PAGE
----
Audio, and private podcasts in particular, can make your content more accessible in several ways:
- Repurpose Video Content Into A Private Podcast Bonus
Simply take the video content you have in your signature program or coaching experience and turn it into a podcast feed. That’s it! No technical hurdles or headaches required. Now your video content is available on the go from the podcast player of their choice.
- No Complicated Logins
Once a user has signed up for your private podcast, they’re not required to log-in to a member area. They can simply open up their preferred podcast player and click play.
- No Searching For Where They Left Off
In the past, downloading audio files was a pain in the butt. First you had to FIND where the audio file was saved. Then it was tricky to pause and restart since progress likely wasn’t saved. Most podcast players today, however, save listener progress so it’s much easier to resume episodes and consume content.
- Less Screen Time
With podcasts, users aren’t even required to sit in front of their computers! They can easily use the screen reader options on their phone to locate their podcast player app and start listening.
So, providing an audio version of your content (course, virtual event, newsletter, etc.) completely solves the issue…right? Well, not necessarily.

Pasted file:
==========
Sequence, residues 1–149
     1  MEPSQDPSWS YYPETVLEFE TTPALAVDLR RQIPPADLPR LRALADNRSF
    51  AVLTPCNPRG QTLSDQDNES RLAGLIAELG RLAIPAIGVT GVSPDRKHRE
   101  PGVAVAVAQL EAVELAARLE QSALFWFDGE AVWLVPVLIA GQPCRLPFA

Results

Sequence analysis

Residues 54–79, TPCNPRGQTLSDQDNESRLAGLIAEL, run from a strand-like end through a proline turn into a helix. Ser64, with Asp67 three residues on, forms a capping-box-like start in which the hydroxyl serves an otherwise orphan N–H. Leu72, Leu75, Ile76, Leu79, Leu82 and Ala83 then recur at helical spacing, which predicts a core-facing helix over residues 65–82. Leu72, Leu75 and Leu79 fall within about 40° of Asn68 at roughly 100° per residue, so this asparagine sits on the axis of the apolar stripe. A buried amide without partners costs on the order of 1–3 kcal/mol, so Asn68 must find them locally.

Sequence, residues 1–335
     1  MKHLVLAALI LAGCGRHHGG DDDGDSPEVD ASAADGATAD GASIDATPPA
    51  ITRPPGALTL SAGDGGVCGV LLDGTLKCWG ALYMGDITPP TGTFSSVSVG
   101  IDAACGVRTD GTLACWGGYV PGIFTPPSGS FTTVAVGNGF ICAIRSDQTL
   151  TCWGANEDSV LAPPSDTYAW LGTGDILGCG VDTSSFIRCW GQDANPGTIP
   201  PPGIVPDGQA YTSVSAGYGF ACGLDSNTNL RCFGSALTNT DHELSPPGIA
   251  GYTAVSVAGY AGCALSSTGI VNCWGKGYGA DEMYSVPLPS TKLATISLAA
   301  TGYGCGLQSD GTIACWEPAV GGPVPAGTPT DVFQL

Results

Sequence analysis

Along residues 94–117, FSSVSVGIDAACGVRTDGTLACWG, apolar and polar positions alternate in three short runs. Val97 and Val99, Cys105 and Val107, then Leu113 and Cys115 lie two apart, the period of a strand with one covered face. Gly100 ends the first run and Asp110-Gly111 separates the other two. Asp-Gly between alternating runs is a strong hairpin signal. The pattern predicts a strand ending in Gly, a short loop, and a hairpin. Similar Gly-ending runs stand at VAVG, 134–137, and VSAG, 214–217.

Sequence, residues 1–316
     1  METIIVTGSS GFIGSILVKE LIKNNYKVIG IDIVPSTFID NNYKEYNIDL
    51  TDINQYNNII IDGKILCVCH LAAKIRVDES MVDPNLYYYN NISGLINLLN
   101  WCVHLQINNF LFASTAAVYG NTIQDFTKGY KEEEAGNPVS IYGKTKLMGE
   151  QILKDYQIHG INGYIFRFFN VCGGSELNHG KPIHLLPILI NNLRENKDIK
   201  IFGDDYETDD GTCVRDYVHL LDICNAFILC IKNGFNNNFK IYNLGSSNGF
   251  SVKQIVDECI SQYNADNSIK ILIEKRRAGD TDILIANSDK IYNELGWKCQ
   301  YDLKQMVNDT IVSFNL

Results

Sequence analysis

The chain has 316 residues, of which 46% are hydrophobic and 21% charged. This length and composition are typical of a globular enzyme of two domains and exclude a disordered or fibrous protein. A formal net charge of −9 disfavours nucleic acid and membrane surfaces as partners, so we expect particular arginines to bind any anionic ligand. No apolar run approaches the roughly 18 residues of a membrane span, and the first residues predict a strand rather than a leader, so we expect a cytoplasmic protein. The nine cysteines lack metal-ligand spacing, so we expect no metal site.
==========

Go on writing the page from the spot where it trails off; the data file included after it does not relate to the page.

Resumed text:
Optimizing Your Audio Content For Visually Impaired Audiences
It may surprise you to learn that not all audio content is accessible for those with visual impairments. At least not without a bit of optimization.
First, and perhaps most importantly, your marketing needs to be optimized for visually impaired audiences. There’s no point in crafting the ultimate accessible audio content if that audience never FINDS your content. That means making your landing pages, opt-ins, and images accessible for screen readers. The same thing goes for your social media.
If you’re looking for helpful resources, Essential Accessibility has a phenomenal check-list. W3 WAI also provides a good list of accessibility checks you can run for things like page titles, alt text, headings, contrast ratios, and more. Plus, Accessible Social has lots of resources on making your social media more accessible.